This concert comprises two of the largest-scale works in the trio repertoire: Tchaikovsky’s moving elegy to
Rubinstein, and Beethoven’s grandest trio, the ‘Archduke’, dedicated to his student and friend, Archduke Rudolph of Austria. This work is the pinnacle of Beethoven’s cycle of piano trios, full of beautiful melodic invention and robust and dynamic forms of expression.
Te Kōkī, a name gifted to the New Zealand School of Music, refers to the dawn chorus which greets each day in Aotearoa New Zealand. Martin Riseley (violin), Inbal Megiddo (cello) and Jian LIU (piano) have extensive careers as professional musicians both nationally and internationally. Recent tours have included concerts in Auckland, Christchurch and Dunedin, Singapore and Kuala Lumpur, with further international performances planned for 2013.
Sunday 21 July 2013 - Ilott Theatre, Wellington Town Hall
Sunday 06 September 2015 - St Andrew's on The Terrace
Season 2013, Sunday 21 July - Te Kōkī Trio
Te Kōkī Trio
(Martin Riseley, violin; Inbal Meggido, cello; Jian Liu, piano)
- Beethoven: Piano Trio in B flat, Op.97 ‘Archduke’
- Tchaikovsky: Trio in A minor, Op.50
Sunday, 21 July 2013, Ilott Theatre
Music hath charms, but this was a bit more powerful than mere charm. The last Wellington Chamber Music concert to be held in the Ilott Theatre for at least two-and-a-half years, while the Wellington Town Hall undergoes earthquake strengthening, ended with an earthquake, just as patrons were leaving the building. There was a sizeable audience to hear this programme. I’m sure that they felt a little sad to have to leave this lovely auditorium with its comfortable, raked seating and good acoustics.
It was a strenuous programme. In my view the Archduke is the most wonderful music in the entire piano trio repertoire. Beethoven’s endless invention, changes of mood and of key, leave one breathless. Mozart, with all his genius, could not have dreamt of music like this in his wildest dreams.
I always enjoy hearing Jian Liu play; he is a consummate pianist, and knows the difference between mp, mf, and f – as indeed do his esteemed colleagues; there were great dynamic contrasts. I loved his phrasing, too, in the solo piano opening. The nostalgic feelings in the first movement were well conveyed.
The second movement started with a duet between the strings. It was a very spirited scherzo, and featured gorgeous sonority from the cello. The strange solo cello notes, followed by those on the violin, that come in several times in the latter part of the movement were not made sufficiently mysterious for me.
Jian Liu’s opening of the slow movement was perfect. His subtlety in the variation that followed the opening was exquisite. The next variation, for strings, is more of a light-hearted affair, and does not call for the same degree of emotional delicacy; thus appropriate vigour was the prescription. However, this led to a soulful variation, beautifully played, with much tenderness of tone from all three instruments.
A melancholy, simple variation had all three instruments in a perfect pianissimo, the cello tone particularly being heart-rendingly direct and gentle. Just as everything seems to die away, we are into a glorious last variation, then the rumbunctious finale with its explosive good humour ends the work in triumph. A few slips and a little patch where the players were not quite together, could not mar a fine performance.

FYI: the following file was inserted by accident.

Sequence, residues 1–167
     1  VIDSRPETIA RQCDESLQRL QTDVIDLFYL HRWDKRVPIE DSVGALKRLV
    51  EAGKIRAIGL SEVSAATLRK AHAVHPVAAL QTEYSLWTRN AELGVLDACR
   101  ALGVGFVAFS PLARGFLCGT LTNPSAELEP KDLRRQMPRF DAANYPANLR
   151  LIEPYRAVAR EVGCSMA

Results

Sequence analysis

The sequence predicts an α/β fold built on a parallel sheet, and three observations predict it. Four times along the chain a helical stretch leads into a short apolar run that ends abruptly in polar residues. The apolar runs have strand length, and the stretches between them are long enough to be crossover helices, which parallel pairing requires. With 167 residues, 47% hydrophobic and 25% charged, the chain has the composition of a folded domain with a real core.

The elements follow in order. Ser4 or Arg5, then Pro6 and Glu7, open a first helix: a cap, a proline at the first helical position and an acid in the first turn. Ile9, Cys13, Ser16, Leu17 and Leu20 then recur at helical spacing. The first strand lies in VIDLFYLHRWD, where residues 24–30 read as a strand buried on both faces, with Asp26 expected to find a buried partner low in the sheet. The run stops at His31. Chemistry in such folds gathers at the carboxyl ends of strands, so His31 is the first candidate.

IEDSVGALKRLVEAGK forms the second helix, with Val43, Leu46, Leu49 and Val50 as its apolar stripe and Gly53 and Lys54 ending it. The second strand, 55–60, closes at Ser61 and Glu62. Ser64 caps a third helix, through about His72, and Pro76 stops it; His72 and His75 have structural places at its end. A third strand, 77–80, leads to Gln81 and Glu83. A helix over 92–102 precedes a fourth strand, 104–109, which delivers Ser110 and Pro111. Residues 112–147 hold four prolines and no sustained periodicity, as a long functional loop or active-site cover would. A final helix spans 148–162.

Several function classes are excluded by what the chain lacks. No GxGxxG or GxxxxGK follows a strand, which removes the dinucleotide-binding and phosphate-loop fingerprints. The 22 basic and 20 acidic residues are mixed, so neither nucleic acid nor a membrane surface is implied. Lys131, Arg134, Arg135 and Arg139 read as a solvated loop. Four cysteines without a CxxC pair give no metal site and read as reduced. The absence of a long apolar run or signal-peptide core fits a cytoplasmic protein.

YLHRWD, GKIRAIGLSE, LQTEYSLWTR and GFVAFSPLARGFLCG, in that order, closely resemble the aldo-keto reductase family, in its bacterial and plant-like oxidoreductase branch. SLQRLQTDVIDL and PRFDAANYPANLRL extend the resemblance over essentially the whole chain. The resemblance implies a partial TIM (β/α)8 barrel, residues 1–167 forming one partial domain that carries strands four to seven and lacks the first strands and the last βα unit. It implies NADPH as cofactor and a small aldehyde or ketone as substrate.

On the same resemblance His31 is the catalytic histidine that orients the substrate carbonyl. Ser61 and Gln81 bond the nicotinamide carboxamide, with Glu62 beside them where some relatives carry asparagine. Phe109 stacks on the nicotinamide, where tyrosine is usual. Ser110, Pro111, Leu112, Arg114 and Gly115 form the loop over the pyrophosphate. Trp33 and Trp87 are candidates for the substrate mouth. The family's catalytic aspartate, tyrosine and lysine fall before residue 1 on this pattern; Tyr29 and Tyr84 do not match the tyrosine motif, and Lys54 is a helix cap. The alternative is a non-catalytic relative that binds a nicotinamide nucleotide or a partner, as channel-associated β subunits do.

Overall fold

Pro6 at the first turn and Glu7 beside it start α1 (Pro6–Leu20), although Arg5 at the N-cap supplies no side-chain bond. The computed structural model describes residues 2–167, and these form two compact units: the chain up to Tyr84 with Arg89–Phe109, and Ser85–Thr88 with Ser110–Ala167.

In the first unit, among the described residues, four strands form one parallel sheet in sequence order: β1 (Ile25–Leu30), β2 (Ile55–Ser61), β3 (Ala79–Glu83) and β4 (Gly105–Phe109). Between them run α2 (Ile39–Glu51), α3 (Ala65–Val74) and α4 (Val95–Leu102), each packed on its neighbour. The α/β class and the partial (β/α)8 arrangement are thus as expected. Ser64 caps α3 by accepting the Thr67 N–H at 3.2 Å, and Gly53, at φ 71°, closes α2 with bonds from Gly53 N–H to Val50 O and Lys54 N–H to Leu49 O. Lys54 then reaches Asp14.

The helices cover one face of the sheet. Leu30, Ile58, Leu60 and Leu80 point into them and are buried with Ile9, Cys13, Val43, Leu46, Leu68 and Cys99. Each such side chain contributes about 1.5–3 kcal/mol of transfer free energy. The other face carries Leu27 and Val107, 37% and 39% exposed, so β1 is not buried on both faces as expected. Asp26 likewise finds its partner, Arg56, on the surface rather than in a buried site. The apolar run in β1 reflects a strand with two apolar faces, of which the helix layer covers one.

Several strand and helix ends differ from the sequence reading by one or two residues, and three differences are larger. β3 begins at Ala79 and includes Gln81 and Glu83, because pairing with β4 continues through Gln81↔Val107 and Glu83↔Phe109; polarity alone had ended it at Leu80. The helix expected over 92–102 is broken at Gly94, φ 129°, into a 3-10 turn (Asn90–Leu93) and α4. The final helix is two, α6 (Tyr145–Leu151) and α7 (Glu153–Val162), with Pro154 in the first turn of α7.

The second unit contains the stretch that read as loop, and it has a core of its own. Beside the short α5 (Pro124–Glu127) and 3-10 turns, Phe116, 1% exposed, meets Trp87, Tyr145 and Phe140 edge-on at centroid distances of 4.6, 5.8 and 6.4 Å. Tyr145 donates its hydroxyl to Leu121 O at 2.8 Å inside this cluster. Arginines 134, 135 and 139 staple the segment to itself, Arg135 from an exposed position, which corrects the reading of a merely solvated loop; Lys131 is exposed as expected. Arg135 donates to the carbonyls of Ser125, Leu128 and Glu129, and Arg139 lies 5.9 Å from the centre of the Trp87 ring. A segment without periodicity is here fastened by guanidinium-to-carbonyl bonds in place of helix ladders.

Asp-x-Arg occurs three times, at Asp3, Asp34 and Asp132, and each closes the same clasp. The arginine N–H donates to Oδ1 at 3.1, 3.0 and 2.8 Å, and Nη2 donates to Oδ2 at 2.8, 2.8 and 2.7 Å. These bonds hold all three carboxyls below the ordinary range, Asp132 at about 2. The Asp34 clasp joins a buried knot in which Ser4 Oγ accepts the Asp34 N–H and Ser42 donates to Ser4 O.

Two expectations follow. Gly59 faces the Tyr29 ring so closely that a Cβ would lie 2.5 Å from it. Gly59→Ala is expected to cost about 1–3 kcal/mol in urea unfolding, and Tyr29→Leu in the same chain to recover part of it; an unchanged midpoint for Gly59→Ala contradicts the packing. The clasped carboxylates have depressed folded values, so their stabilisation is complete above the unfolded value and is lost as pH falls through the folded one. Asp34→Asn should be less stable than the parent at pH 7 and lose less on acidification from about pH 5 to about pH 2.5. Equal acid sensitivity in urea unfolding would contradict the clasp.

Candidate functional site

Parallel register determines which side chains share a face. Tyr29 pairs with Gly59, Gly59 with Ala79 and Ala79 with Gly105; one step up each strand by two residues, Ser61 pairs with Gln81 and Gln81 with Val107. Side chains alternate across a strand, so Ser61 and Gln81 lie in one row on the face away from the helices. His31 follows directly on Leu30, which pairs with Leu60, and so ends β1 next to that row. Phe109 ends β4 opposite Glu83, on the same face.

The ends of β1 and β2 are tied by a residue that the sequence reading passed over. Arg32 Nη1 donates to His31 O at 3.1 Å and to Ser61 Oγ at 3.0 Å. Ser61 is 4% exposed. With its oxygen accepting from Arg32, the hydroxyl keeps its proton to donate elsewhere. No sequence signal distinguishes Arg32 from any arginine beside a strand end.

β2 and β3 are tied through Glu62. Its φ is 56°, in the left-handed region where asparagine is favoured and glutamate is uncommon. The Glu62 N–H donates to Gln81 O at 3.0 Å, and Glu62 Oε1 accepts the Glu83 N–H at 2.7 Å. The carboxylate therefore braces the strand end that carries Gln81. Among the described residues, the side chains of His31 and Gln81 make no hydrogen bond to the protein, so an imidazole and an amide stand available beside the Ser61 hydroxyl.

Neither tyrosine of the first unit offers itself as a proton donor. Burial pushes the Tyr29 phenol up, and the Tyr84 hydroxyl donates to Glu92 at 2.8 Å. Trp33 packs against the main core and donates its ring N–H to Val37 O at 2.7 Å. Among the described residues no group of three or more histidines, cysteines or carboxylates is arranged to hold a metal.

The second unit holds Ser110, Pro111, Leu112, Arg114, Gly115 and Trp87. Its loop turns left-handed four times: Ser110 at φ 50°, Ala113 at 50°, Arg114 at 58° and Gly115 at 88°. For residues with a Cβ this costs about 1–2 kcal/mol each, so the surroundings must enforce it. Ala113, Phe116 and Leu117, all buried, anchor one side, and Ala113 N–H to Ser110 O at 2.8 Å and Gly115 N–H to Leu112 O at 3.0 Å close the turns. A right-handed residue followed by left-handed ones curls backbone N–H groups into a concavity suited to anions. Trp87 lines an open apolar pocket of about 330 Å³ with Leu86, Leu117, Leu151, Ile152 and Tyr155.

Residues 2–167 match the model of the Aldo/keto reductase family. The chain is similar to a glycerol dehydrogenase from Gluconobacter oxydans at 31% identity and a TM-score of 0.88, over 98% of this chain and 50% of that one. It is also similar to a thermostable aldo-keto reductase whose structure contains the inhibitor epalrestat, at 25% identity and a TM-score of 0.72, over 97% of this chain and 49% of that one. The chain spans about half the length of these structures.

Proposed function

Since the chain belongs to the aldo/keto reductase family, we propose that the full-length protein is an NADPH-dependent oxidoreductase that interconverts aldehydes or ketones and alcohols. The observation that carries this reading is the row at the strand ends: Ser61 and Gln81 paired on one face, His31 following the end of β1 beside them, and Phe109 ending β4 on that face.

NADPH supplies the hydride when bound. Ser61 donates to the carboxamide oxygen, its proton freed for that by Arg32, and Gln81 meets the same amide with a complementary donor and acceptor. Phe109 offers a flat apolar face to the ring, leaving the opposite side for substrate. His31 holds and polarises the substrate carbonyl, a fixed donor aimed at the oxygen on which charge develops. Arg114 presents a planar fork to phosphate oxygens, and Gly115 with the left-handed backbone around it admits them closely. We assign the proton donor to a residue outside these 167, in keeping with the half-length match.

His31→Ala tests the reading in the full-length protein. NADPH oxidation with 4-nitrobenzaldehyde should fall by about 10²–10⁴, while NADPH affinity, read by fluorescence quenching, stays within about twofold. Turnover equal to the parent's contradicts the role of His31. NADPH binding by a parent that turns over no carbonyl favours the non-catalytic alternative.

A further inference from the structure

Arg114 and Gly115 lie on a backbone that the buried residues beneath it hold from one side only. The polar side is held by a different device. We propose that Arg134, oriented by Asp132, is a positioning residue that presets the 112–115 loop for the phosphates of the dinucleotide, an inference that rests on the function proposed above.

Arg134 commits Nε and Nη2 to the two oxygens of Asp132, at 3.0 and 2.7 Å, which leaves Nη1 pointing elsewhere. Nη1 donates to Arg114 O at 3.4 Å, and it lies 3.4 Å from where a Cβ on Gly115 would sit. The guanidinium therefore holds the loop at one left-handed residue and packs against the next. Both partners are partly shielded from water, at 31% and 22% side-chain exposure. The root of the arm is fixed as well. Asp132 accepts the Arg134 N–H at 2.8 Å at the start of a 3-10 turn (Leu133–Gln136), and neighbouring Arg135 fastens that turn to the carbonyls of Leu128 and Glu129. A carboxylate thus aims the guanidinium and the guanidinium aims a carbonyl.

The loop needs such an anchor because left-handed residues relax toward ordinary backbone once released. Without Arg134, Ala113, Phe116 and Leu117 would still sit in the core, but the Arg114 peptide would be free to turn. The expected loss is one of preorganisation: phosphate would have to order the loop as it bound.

The Tchaikovsky work had me wondering if chronological order was the best for this concert, and whether it would have been better to end with the stronger work. However, by the end I was persuaded that Tchaikovsky’s Trio made a worthy finish.
The elegiac first movement of the next work was emotion-laden, as Tchaikovsky mourned the untimely death of his friend and mentor Nikolay Rubinstein. Following the elegy, the music was full-on. After the energy calmed down, a slow lyricism and a return to the opening themes had both strings playing very eloquently, with splendid tone.
After this, I noticed that a hum had started up in the theatre, whether from the air-conditioning system, I do not know. While it was not very loud, it was more than just audible, and thus was annoying.
The piano statement at the beginning of the second movement reminded one of the similar pattern to the slow movement of the Beethoven work. There was plenty in the variations to delight, for example, a piano solo with pizzicato accompaniment. This was followed by a fugal section that soon went off the rails – very seductively. Both Martin Riseley and Inbal Meggido exhibited strong playing.
A charming frisky variation opened by cello and piano was dance-like. It could be a symphonic movement, or even a movement in a ballet. The next variation was very emphatic, especially from the piano, before becoming more technically difficult, with fugal passages that this time were more strict, and very vigorous.
The third movement opened quietly, with a contemplative theme. Each player had interesting individual parts to contribute. A jolly passage from the piano was again dance-like. A modicum of rubato from Jian Liu added to the interest and the musicality of the performance; the strings joined in the jollity.
A lovely violin restatement of the theme from the first movement preceded a piano variation that ended the finale proper. The coda then took off, the theme being familiar to those who listen to St. Paul Sunday on Radio New Zealand Concert. This extended coda was full of bravura passages for all instruments.
It was a difficult programme, with not much let-up for any of the players, and was greatly appreciated by the audience – there was even a well-deserved bravo or two.
Rosemary Collier, Sunday 21 July